- North Korea security issues don't weight heavily on South Korean voters
- South Korea will elect a new president December 19
- Polls show South Koreans prioritize economic issues, education ahead of N. Korea
Security issues concerning North Korea have not become a major issue for South Korean voters, even after the controversial rocket launch that drew international condemnation last week.
The most pressing issues for South Koreans at the polls on Wednesday, are similar to the ones that dominated U.S. voters when they cast their ballots in November -- the economy.
Polls showed that North-South relations ranked fifth in the most salient issues to the Korean public, falling far behind job creation, economic issues and education. Less than 10% prioritized relations with Pyongyang, according to polls by the Asan Institute for Policy Studies.
"Threat perception overall toward North Korea has somewhat waned," said Jong Kun Choi, an associate professor of political sciences and international studies at Yonsei University in Seoul.
After the announcement of North Korea's missile launch, about half of the respondents in a poll said they expected the rocket to have no effect in the election. "The best reading of the data suggests that the launch will not have a strong impact on the election," according to the Asan Institute's report.
"It used to be the case that a major blow from North Korea would critically affect South Korea's election. However, this may not have a major impact as it used to be, because first of all, we are so used to it," Choi said.
Steve Chung, who has examined the North Korean factor in South Korean presidential elections in the last two decades, said he observed that the regime is "less and less important" in this election compared with previous ones.
"This year, the inter-Korea atmosphere is not as strong," said Chung, a PhD candidate in the department of Korean studies at the university of Sydney.
After signing an armistice agreement in 1953, the two neighbors have endured an uneasy truce separated by a demilitarized zone.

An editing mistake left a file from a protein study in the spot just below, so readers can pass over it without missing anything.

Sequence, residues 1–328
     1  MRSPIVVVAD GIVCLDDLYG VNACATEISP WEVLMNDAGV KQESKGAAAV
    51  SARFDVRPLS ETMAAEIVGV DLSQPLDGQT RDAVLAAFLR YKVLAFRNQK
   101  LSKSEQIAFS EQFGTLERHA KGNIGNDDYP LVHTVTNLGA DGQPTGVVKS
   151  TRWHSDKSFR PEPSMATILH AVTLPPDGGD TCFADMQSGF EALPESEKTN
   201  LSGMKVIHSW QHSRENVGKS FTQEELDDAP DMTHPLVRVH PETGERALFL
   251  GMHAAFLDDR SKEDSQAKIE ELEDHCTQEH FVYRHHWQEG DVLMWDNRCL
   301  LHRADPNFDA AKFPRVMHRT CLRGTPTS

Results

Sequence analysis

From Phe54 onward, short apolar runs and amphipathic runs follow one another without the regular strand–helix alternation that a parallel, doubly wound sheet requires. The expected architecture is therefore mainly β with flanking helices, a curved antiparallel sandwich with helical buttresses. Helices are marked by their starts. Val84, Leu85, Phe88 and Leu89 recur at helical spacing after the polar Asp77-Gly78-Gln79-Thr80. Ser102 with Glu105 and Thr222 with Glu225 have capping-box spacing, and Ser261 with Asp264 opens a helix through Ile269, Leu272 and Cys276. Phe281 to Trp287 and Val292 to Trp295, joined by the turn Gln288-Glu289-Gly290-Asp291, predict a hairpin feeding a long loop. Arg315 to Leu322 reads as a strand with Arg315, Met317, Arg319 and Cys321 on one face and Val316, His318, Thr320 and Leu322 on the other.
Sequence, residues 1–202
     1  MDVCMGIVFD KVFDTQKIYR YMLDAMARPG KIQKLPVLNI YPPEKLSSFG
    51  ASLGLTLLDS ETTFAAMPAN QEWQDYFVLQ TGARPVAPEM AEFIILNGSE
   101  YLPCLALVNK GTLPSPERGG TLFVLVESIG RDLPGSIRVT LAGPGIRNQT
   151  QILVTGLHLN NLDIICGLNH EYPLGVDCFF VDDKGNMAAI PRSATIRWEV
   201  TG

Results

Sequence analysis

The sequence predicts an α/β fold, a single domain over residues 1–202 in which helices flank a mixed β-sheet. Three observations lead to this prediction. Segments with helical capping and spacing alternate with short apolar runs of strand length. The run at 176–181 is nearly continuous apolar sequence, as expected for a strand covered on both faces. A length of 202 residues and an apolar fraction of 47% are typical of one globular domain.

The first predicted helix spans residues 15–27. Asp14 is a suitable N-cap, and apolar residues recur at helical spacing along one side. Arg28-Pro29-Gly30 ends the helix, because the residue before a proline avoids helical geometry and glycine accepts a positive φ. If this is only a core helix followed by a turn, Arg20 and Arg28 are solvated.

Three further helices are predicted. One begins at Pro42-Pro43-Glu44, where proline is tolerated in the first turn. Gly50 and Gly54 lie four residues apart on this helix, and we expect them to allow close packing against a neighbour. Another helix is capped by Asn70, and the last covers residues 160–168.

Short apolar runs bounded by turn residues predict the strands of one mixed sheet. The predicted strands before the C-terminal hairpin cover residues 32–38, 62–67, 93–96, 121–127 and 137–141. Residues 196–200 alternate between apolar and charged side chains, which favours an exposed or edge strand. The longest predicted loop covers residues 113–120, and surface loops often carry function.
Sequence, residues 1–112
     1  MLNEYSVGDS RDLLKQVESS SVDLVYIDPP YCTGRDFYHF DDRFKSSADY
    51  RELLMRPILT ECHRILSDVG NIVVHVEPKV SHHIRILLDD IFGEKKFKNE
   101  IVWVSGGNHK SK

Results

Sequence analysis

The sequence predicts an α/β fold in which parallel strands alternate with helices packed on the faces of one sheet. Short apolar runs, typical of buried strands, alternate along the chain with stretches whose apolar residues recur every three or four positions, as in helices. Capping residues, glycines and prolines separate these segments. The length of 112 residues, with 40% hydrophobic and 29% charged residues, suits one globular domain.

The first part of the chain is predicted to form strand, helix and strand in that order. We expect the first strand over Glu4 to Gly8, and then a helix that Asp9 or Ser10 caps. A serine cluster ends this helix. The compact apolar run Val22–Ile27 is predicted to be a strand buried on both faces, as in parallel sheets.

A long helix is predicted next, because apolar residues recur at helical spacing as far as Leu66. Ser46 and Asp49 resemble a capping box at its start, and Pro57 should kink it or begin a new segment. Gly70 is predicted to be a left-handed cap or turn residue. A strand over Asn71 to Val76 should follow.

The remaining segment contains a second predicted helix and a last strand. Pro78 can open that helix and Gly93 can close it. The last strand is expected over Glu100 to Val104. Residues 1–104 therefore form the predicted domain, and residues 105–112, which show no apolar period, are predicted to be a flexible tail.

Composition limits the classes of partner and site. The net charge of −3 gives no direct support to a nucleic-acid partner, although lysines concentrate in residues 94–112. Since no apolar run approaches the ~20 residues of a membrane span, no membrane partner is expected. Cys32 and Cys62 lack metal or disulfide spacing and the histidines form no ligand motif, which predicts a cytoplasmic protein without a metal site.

South Koreans have become used to provocation from their neighbor, said Choi.
"It's been going on for the last 20 years, despite so many sporadic skirmishes, virtually nothing has happened," he said. "Rather than people worrying about warfare, [voters] are much more worried about our welfare."
On Wednesday, Korean voters will choose between the conservative Saenuri Party's Park Geun-hye, and the left-leaning Moon Jae-in of the Democratic United Party.
If elected, Park would become the first female president of South Korea. She is the daughter of former president Park Chung-hee, who stirs mixed feelings among South Koreans. Some claim he was a dictator who stifled opposition; others credit him with overseeing a key phase of South Korea's economic development. He was shot and killed by his intelligence chief in 1979.
Moon, who served as chief of staff to former late president Roh Moo-hyun, is a former human rights lawyer. He was jailed in the 1970s by Park's father.
Both candidates condemned North Korea's rocket launch earlier this month. But they are expected to pursue a more conciliatory line toward North Korea than the current president Lee Myung-bak, who took an uncompromising approach to dealings with Pyongyang.
Park wants dialogue with North Korea, but her overall plan for engagement remains conditional, while Moon favors a transformative approach that promotes inter-Korean economic ties as an instrument for engaging North Korea comprehensively, according to Scott Snyder, a senior fellow for Korea Studies at the Council on Foreign Relations.
Park's policy of engaging with North Korea may not differ much from Lee's, said Christopher Green, manager of international affairs for DailyNK, which covers North Korea. Even if Seoul was to implement a policy of unrestricted aid for North Korea, there is little guarantee that the regime would respond.
"My personal suspicion is because the North Korean government is only interested in the welfare of a very small percentage of the people that support the regime, they don't care as much as people in the outside world might think about aid," Green said.
An recent editorial published in the South Korean newspaper, Dong-a Ilbo, stated: "Both contenders seem to fantasize that inter-Korean relations will thaw if one of them takes power."
In the months leading up to South Korea's election, North Korea's propagandists have occasionally dipped into the race, targeting Park.
In September, a North Korean government website released a video of a "Gangnam Style" spoof containing Park's face stuck on a dancing figure. The video mocked Park's support for her father whose legacy still divides South Korea. Set to an upbeat 1960s big band instrumental soundtrack, the video includes images from the era of her father's rule.
Earlier this month, Rodong Sinmun, the official newspaper of North Korea's ruling Workers' Party published seven questions for Park calling her stance on North Korea "inconsistent, ironic," according to South Korean media.
"My perspective is that North Korea doesn't care about who wins the election," said Green. "Yes they attack Park Geun-hye and do not attack Moon Jae-in, but that is rhetorical."
The bizarre North Korean actions are more for domestic consumption within its borders and for confusing the world of its intentions, he said.